Joan Jett interview about rock ‘n roll, women, and Iraq war

This music video from the USA is called Joan JettBad Reputation.

This music video is called Cherry bomb by Joan Jett.

19 November 2007.

From British daily The Guardian:

Queen of noise

While her friends were into the Osmonds, Joan Jett was strumming along to T Rex. When a woman plays rock’n’roll, she owns her sexuality, she tells Laura Barton. Perhaps that’s why male critics find her so scary. …

The name of Joan Jett has long been tinged with notoriety; the original female rocker [in The Runaways during the 1970s], she has not only enjoyed a successful career with hits such as I Love Rock’n’Roll, Crimson and Clover and Bad Reputation, earning herself a place in Rolling Stone’s 100 Greatest Guitarists of all time – one of only two women to make the list – but she has also been an inspiration to generations of female musicians, from the riot grrrl movement of the early 90s to Britney Spears, who covered I Love Rock’n’Roll in 2002, and now to the cluster of female fans who wait, flushed-faced, to meet her this evening in Brighton. …

In fact few record labels would touch Jett. “It’s hard to imagine, now, the resistance,” she says. “It wasn’t only about girls and rock’n’roll but also my image was so much harder than other girls in rock’n’roll, with the black hair and the leather jacket. We still have all the rejection letters; 23 of them.” The labels gave a variety of reasons: “They’d say, ‘You have no songs’,” Jett gives a lop-sided smirk, “and the tape we sent had I Love Rock’n’Roll, Crimson and Clover, Do You Wanna Touch Me and Bad Reputation. So they didn’t only miss one, they missed four hits … And we’d get a lot of, ‘Drop the guitar, stop hiding behind the guitar, change your image, sing softer songs.’ It was you’re not allowed to be edgy and you’re not allowed to be hard if you’re a girl.” She looks puzzled. “I’m so confused about that.”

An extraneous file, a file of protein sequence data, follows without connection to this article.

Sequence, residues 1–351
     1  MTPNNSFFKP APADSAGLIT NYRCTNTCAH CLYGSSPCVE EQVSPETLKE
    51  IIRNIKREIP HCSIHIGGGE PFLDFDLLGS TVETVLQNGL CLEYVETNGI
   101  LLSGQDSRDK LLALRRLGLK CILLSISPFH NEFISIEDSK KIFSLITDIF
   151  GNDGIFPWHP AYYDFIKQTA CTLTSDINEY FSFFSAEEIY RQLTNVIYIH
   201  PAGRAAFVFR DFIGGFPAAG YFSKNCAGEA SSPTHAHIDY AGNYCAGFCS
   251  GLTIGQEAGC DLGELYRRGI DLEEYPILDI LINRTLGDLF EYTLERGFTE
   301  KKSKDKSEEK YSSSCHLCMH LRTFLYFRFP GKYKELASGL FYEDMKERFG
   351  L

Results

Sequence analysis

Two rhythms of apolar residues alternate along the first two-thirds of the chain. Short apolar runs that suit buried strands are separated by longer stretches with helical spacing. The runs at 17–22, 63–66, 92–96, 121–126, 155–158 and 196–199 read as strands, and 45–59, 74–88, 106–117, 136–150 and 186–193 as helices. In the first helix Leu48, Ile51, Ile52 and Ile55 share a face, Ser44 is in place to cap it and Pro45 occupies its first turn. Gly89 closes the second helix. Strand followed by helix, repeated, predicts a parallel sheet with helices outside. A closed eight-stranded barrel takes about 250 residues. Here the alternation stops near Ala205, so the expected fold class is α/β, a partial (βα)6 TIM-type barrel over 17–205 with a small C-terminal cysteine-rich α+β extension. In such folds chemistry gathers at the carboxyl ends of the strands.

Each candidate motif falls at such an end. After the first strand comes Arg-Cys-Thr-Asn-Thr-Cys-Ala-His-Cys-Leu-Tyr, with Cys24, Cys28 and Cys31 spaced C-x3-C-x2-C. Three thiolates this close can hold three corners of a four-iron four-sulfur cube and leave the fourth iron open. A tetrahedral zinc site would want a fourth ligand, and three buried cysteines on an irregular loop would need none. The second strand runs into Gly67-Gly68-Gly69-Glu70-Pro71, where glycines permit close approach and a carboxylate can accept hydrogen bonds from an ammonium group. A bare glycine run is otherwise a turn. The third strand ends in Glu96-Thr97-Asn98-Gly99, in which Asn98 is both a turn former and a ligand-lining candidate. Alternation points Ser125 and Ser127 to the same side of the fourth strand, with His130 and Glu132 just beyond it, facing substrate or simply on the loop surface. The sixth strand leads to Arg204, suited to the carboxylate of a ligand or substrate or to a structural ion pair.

Jett and Laguna summoned a new band, The Blackhearts, and decided to form their own label – a gamble that paid off in 1982 when her cover of The Arrows’ I Love Rock’n’Roll occupied the US No1 spot for seven weeks. This week she releases a new album, Sinner, and a cover of a track by The Sweet called AC DC: “It’s a little provocative,” she says with a knowing smile. “It pushes the envelope,” – as indeed does its video, featuring Carmen Electra, whom Jett has been rumoured to be dating.

Another track, Riddles, which samples a speech by Dick Cheney, “is sort of about doublespeak, the 1984 aspect of what’s going on in the world.” Speaking openly about American politics is, she says, “a calculated risk … You saw the reaction to the Dixie Chicks! I mean it’s pretty frightening to me to consider the fact that on one hand you live in the Land of the Free and that dissent is part of democracy, and then to be singled out for speaking out when you do.” …

In 2004, Jett joined Howard Dean‘s campaign group as he ran to be the Democratic candidate. “I Googled all the candidates, and I found Howard Dean’s record as governor of Vermont: he’d been governor for 11 years, and worked very well with Republicans and Democrats. He got universal healthcare for all children under 18. He got prescription benefits for the elderly. And he was against the Iraq war, way before anyone else was saying it was wrong.

The rise of the rock goddess: here.


4 thoughts on “Joan Jett interview about rock ‘n roll, women, and Iraq war

  1. Pingback: Women in rock music exhibition | Dear Kitty. Some blog

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